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BBC NEWS | Science/Nature | Himalaya glaciers melt unnoticed



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News Front Page Africa Americas Asia-Pacific Europe Middle East South Asia UK Business Health Science & Environment Technology Entertainment Also in the news ----------------- Video and Audio ----------------- Programmes Have Your Say In Pictures Country Profiles Special Reports RELATED BBC SITES Last Updated: Wednesday, 10 November, 2004, 13:54 GMT E-mail this to a friend Printable version Himalaya glaciers melt unnoticed By Navin Singh Khadka
BBC News in Nepal
No one is keeping an eye on the glacial lakes Environmentalists are warning that the melting of glaciers in the Himalayas could spell disaster for millions of people living in the region.

They claim the situation is not being adequately monitored; the last major studies having been done in the 1990s.

Swelling glacial lakes would increase the risk of catastrophic flooding.

In the long term, the glaciers could disappear altogether, causing several rivers to shrink and threatening the survival of those who depend on them.

"It is high time we did field studies to assess the situation or else a big natural catastrophe could hit us anytime," said Arun Bhakta Shrestha, from Nepal's Department of Hydrology and Meteorology.

Rising temperatures

There are 3,300 glaciers in the Nepalese Himalayas and 2,300 of them contain glacial lakes. These lakes are quietly growing because of rising temperatures, but a sufficiently close eye is not being kept on them, campaigners say.

We urgently need to update our glaciological data
Dr Bhakta Shrestha Nobody knows how many are close to bursting, and no steps have been taken to establish early warning systems for the villages downstream.

A burst lake would cause flash floods which could sweep away people, houses, roads and bridges in Nepal, Bhutan, Bangladesh and India.

Such disasters have already happened more than a dozen times around Nepal in the last 70 years.

A glacial lake burst in Khumbu, Nepal, in 1985, killing at least 20 people. It also washed away a hydropower station, a trekking trail and numerous bridges.

Despite the real threat, no systematic on-the-ground research has taken place since the mid-1990s.

Between 1970 and 1989, Japanese researchers discovered most of the glaciers in the Khumbu region had retreated 30-60m. In Nepal's Dhaulagiri region, field studies until 1994 showed the same trend.

And Nepal's most studied glacier in Tsorong Himal underwent a 10m retreat between 1978 and 1989.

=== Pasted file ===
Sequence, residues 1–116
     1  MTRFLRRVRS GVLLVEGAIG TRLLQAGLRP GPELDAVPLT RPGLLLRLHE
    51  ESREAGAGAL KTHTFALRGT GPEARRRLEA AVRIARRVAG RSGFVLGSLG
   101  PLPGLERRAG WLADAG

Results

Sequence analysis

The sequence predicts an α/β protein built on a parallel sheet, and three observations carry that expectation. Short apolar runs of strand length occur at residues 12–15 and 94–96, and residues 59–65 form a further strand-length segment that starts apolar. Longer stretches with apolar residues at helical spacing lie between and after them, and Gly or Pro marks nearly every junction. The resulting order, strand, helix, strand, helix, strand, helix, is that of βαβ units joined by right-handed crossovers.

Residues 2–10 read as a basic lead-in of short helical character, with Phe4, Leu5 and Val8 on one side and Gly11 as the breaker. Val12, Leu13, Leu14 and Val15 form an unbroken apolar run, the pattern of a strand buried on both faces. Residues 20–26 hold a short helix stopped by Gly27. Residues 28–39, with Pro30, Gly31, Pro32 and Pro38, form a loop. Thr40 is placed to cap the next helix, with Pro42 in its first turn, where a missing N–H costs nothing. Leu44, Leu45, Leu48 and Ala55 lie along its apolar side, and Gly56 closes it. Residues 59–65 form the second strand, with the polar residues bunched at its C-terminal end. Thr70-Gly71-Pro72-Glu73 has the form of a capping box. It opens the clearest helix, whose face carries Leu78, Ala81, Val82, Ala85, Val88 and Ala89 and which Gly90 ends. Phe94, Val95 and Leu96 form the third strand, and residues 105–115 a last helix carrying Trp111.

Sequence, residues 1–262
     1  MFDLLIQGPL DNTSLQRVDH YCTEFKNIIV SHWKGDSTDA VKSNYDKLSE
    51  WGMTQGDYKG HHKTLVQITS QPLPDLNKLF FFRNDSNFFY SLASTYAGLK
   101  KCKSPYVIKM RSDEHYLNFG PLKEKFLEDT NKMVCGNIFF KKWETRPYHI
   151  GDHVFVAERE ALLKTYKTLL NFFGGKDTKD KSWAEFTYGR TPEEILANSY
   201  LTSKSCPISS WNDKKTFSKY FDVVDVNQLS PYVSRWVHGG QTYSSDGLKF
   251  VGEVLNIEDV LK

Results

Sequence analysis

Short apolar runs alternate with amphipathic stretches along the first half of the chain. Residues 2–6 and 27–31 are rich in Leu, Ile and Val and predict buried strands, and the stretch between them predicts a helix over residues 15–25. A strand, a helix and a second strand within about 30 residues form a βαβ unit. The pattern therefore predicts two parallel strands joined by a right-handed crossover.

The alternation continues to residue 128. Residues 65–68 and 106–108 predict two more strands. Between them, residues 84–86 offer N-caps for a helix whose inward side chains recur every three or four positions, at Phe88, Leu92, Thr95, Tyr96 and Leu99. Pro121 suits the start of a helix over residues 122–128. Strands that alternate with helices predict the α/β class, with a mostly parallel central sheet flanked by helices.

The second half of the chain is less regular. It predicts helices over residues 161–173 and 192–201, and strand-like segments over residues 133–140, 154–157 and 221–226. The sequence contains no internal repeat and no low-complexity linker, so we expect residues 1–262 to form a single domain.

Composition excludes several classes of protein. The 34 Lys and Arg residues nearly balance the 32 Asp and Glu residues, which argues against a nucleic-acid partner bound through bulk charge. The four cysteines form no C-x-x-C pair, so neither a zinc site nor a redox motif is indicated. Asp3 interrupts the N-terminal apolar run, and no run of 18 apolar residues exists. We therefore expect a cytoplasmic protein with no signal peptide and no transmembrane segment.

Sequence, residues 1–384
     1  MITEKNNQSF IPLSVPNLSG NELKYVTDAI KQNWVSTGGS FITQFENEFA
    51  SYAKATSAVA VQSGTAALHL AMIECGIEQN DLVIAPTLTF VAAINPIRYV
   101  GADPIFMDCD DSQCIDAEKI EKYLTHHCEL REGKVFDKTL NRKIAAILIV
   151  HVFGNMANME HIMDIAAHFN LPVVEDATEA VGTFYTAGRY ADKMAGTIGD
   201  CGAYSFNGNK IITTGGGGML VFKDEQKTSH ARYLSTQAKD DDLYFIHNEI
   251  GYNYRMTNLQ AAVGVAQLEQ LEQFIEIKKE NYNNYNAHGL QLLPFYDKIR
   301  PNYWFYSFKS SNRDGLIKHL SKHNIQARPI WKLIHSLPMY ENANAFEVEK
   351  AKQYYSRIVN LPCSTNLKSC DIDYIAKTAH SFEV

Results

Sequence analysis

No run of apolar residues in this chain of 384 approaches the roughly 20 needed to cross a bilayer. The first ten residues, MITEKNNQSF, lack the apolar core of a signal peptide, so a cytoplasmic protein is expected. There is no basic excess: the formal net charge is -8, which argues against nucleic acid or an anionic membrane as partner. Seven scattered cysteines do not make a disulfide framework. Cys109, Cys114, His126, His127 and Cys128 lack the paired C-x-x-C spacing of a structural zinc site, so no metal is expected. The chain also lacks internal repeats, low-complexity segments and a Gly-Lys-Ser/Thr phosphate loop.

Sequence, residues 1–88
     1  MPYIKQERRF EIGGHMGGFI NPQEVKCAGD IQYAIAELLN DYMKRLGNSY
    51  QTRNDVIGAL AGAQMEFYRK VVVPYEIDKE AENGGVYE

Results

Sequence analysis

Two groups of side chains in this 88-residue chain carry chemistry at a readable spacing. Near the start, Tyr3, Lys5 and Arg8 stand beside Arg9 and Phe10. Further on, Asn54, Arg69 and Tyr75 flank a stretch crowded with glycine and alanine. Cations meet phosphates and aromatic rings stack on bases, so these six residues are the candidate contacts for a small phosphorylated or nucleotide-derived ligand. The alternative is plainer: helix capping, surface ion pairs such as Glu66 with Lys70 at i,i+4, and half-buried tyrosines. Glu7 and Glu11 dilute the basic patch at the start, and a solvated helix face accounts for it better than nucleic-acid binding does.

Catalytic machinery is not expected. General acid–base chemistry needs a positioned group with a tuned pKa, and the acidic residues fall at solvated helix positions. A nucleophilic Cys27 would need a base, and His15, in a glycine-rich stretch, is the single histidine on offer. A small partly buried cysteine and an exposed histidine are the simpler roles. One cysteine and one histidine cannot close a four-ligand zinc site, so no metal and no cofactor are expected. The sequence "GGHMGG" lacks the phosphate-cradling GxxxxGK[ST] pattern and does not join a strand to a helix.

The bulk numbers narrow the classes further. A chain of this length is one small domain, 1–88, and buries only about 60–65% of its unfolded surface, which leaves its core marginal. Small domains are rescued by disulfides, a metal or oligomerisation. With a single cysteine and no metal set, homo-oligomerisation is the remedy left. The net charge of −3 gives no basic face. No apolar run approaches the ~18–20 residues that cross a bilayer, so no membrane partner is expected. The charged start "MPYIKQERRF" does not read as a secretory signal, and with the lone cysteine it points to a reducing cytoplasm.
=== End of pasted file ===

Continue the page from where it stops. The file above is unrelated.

For now, there is reliance on satellite data. This even shows some glaciers are stable or advancing, particularly in the west and north.

"We urgently need to update our glaciological data," said Dr Bhakta Shrestha, "otherwise we won't have any warning when disaster strikes."

Rivers run dry

British geologist John Reynolds, of Reynolds Geosciences Limited, agrees.

"There has to be a fresh look at the entire issue because we may be running a risk of great magnitude," he said.

In the long term, researchers fear that a warmer climate may switch the problem from too much water in the region to too little.

A burst lake would cause flash floods, which could sweep away whole villages Nearly 70% of discharge to the Ganges is from Nepalese rivers, which means that if Himalayan glaciers dry up so will the Ganges downstream in India.

"In some rivers, the flow may go down by as much as 90%," said Syed Iqbal Hosnain, of the University of Calicut, India.

Although the evidence for the future impact of climate change is accumulating, scientists say there is not enough field research to provide empirical proof about the gravity of the crisis.

"Once we get the figures in, we will know the real scenario," said Chandra Gurung, WWF-Nepal. "Perhaps then we can get a plan."



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SEE ALSO: West Antarctic glaciers speed up
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19 Mar 02 |  Science/Nature Flash floods hit northern India
26 Aug 04 |  South Asia Himalayan warming 'may trigger floods'
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